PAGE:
'We are sorry'
Thursday, 14th February, 2008
A member of the stolen generation believes the Federal Government's historic apology has heralded a "new beginning" in indigenous and non-indigenous relations. Isobel Bennett, who attended a live broadcast of the government's formal apology at the BH High School Hall, said now that Aboriginal people had finally received the apology they had been waiting for they could both look forward to a better future. Ms Bennett was 14 when she was forcibly removed from her home at Menindee in 1945 and taken by train to the Tiwi Islands where she was raised by Catholic nuns.
It was 20 years before she would see her mother again, when she returned to Menindee in 1966, with her own children, to live. The frail grandmother made the 100km trip to Broken Hill to attend yesterday's broadcast beamed from Parliament House in Canberra. She sat at the front and listened with about 200 other people as Prime Minister Kevin Rudd said sorry to the families affected by the separation policies of successive governments through much of the 20th century. "When I left here ... I was devastated. I just missed (my family) so much," Ms Bennett said after the morning broadcast. "That's what we've been waiting for, just an apology - nothing else."
Ms Bennett said she felt the apology had given rise to a new relationship between indigenous and non-indigenous people, one that had equality as its basis. "I feel like it's going to be a new beginning and I hope it stays like that forever." The apology was also welcomed by Wilcannia woman Suzanne Hall who, along with 11 of her 12 siblings, was taken from her parents and the town as a child. Ms Hall, who attended the broadcast with her husband Dennis Williams, was 13 when she was sent to live in Sydney as a ward of the State. She returned to Wilcannia, where her mother still lived, when she turned 18. "They told us that our mother had died." She was satisfied with Mr Rudd's apology, particularly its emphasis on the many mothers who, like hers, had lost their children. "That was the most important thing, to apologise to my mother," she said. She also welcomed the various commitments Mr Rudd made to improve education, health and employment for Aboriginal people. Mr Williams, whose uncle was forcibly removed, said the apology was "a long time coming". "My grandfather fought in World War I and had a child taken away." The emotion proved too much for some during Mr Rudd's speech. As he began to relate one family's account of forced removal, several Aboriginal women left the hall in tears. At the end of the prime minister's address, the gathering stood and applauded. When Council's General Manager Frank Zaknich later invited people on stage to speak, several people took the opportunity to talk about what the apology meant to them.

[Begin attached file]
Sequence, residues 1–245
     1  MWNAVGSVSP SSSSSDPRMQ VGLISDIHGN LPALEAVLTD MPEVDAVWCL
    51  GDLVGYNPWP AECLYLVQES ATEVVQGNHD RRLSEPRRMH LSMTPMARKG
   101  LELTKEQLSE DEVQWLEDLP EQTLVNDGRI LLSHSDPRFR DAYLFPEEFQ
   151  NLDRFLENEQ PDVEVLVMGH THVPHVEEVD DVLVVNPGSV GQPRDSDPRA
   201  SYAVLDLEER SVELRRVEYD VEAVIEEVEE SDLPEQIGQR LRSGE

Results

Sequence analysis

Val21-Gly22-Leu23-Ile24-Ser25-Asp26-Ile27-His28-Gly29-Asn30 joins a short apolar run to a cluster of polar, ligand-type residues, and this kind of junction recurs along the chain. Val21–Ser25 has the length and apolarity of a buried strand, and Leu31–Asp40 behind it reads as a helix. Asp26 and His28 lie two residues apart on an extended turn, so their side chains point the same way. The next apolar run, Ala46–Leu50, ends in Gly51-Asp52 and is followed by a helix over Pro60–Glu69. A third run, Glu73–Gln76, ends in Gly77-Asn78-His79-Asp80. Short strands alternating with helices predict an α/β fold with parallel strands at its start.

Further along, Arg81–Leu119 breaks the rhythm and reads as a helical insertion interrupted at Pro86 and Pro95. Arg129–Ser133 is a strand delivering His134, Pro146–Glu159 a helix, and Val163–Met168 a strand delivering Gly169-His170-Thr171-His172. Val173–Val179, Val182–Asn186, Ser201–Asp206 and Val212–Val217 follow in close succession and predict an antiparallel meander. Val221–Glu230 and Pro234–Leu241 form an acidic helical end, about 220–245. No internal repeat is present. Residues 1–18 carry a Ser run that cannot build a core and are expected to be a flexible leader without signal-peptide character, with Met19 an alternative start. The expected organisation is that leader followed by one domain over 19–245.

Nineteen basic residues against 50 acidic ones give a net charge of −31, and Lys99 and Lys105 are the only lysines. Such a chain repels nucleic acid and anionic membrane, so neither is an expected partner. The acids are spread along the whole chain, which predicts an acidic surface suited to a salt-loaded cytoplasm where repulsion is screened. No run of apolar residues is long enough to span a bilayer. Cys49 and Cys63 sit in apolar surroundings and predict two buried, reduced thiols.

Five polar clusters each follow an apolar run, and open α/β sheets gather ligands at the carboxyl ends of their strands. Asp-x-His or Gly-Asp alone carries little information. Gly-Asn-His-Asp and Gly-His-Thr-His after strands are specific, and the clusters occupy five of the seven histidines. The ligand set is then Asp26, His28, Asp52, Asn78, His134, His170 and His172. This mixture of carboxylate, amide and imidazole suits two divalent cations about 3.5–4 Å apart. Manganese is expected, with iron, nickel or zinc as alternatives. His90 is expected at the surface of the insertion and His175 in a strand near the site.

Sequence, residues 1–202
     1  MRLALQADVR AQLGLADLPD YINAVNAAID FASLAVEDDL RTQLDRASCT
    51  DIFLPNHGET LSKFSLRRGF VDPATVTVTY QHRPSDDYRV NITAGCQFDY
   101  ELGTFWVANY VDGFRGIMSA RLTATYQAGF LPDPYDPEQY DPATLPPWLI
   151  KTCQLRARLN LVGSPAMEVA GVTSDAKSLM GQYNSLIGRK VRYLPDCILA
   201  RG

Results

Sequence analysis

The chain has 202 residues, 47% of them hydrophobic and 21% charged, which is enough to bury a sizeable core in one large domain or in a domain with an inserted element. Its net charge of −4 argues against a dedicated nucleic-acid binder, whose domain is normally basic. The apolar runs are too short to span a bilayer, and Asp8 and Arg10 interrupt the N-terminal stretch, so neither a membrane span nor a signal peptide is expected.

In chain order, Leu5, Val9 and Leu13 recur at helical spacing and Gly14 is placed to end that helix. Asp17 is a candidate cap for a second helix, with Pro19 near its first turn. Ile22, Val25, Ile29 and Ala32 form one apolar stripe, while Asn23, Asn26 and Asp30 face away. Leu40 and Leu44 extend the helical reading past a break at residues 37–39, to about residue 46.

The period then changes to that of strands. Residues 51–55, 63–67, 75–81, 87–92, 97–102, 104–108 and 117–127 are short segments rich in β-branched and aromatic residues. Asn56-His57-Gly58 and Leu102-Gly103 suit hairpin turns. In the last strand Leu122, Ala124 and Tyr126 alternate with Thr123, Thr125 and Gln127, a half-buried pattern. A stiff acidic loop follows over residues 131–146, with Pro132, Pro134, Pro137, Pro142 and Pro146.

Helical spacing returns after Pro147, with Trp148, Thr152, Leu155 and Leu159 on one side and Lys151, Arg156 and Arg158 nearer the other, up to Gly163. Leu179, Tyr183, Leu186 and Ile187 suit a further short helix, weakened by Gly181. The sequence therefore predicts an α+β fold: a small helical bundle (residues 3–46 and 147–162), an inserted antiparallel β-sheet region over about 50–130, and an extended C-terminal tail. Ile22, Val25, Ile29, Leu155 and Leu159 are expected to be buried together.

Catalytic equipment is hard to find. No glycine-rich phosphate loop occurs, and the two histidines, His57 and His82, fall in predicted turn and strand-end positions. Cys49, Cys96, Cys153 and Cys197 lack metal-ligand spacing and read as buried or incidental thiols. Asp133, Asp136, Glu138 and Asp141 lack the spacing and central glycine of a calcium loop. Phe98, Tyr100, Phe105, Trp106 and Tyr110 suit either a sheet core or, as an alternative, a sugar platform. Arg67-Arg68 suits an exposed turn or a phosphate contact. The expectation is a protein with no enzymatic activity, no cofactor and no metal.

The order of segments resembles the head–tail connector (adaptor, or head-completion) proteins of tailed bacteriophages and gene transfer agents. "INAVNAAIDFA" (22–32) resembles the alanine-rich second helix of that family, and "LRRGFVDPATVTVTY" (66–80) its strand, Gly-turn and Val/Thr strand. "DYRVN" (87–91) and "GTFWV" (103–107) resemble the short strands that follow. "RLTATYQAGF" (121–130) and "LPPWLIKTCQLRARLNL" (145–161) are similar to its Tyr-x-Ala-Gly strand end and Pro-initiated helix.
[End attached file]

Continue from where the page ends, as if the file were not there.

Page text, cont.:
Justin Files, Isobel Bennett's grandson, told the crowd that he, like most Australians, lived in hope that all Australians could now live together in harmony."I'm thankful of our Prime Minister's apology and the Opposition leader's response."
Irene Kemp, whose mother was born and raised on a mission in South Australia, said before Australia could move forward people had to lea